Interior and cabin space

GLB 35: It’s hard to discern at first glance but the GLB 35 is barely smaller than its sibling. In fact, it measures 183.1 inches (4,650 mm) in length, just 0.6 inches (15 mm) shorter than the GLC. Despite the low slung stance it is also 65.4 inches (1,660 mm) tall, almost identical to the GLC, which rides much higher. As a result, the seemingly compact crossover is quite spacious inside.

Also, despite the GLB being a crossover, you can actually sit quite low, which gives it a more car-like driving position. Though it does sit a tad higher even at the lowest setting, you still get 40.7 inches (1,034 mm) of headroom at the front. At the rear, you get 39.3 inches (998 mm) of headspace in the five-seat version and 38.7 inches (983 mm) in the three-row version. Headroom in the third row is a respectable 34.8 inches (884 mm). The third row needs to be equipped separately and costs $850 ($1,300 CAD) extra. The roof is tall enough for average adults to pretty much walk into the cabin. Plus, the panoramic sunroof adds to the overall feeling of space.

The front seats are bathed in Alcantara and leather as you would expect from an AMG. The rear seats feature the same materials, and they’re quite soft to touch. The steering is available with Alcantara too, and feels good to hold.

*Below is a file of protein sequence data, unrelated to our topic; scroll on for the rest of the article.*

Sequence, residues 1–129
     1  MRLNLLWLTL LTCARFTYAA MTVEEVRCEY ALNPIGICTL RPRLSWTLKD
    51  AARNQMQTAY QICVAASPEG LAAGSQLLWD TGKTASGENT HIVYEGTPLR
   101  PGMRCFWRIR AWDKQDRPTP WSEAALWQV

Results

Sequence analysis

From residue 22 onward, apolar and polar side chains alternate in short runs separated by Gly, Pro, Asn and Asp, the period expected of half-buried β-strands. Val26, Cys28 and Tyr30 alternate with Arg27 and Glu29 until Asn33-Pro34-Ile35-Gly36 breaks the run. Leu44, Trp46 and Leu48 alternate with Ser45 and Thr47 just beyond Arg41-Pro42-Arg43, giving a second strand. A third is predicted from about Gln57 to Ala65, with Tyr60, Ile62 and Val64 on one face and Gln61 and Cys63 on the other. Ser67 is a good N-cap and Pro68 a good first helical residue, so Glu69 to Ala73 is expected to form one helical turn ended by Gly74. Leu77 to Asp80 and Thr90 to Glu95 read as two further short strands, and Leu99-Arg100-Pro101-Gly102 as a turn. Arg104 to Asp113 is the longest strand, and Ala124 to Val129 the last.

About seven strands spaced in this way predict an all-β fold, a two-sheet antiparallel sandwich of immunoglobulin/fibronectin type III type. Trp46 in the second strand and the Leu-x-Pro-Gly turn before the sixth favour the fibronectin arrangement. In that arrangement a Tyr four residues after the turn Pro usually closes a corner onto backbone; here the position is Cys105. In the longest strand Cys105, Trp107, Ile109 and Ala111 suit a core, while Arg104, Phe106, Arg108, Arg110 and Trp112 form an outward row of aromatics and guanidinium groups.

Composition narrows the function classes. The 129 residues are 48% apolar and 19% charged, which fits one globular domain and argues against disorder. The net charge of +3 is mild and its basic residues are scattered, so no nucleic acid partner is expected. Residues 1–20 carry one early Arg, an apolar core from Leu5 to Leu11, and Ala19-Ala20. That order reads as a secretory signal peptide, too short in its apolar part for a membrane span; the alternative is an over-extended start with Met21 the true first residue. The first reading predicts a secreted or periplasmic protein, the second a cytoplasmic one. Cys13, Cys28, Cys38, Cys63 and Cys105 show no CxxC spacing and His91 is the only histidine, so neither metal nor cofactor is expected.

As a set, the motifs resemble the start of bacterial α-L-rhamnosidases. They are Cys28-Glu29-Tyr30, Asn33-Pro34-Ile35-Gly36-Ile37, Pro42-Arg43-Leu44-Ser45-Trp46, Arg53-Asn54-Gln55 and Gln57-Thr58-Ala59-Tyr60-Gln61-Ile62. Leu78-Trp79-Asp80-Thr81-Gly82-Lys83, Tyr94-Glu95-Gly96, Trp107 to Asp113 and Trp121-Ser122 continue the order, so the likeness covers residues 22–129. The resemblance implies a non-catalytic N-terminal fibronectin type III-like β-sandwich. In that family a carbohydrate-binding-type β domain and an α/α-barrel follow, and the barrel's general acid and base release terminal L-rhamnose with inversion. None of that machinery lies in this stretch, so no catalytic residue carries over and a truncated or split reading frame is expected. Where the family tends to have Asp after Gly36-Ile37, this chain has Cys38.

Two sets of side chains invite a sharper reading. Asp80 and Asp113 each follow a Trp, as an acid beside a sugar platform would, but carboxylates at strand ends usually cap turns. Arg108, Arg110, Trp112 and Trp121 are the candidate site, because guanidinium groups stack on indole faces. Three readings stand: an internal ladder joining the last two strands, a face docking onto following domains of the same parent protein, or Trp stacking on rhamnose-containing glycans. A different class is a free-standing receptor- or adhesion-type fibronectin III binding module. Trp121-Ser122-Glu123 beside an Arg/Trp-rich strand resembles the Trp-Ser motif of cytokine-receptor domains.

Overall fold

SEE ALSO: 2020 Mercedes-AMG GLC 43 Review: Aufrecht Melcher Goldilocks

The front seats are quite comfortable, as you would expect, and hold you well. Side bolstering is fantastic and holds you in place especially during hard cornering. Even the generously proportioned can easily park themselves in these seats. The rear seats though leave more to be desired. There is ample room to stretch out with 38.1 inches (968 mm) of legroom, 36.9 inches (937 mm) if you choose the third row. For reasons unknown, the seat height feels quite high. The second row isn’t as soft as the one in the GLC, nor as enveloping. You feel like you sit on the seats rather than in them. While not uncomfortable they will take time getting used to and are the only compromise on the GLB so far. You can also move them fore and aft if you so desire.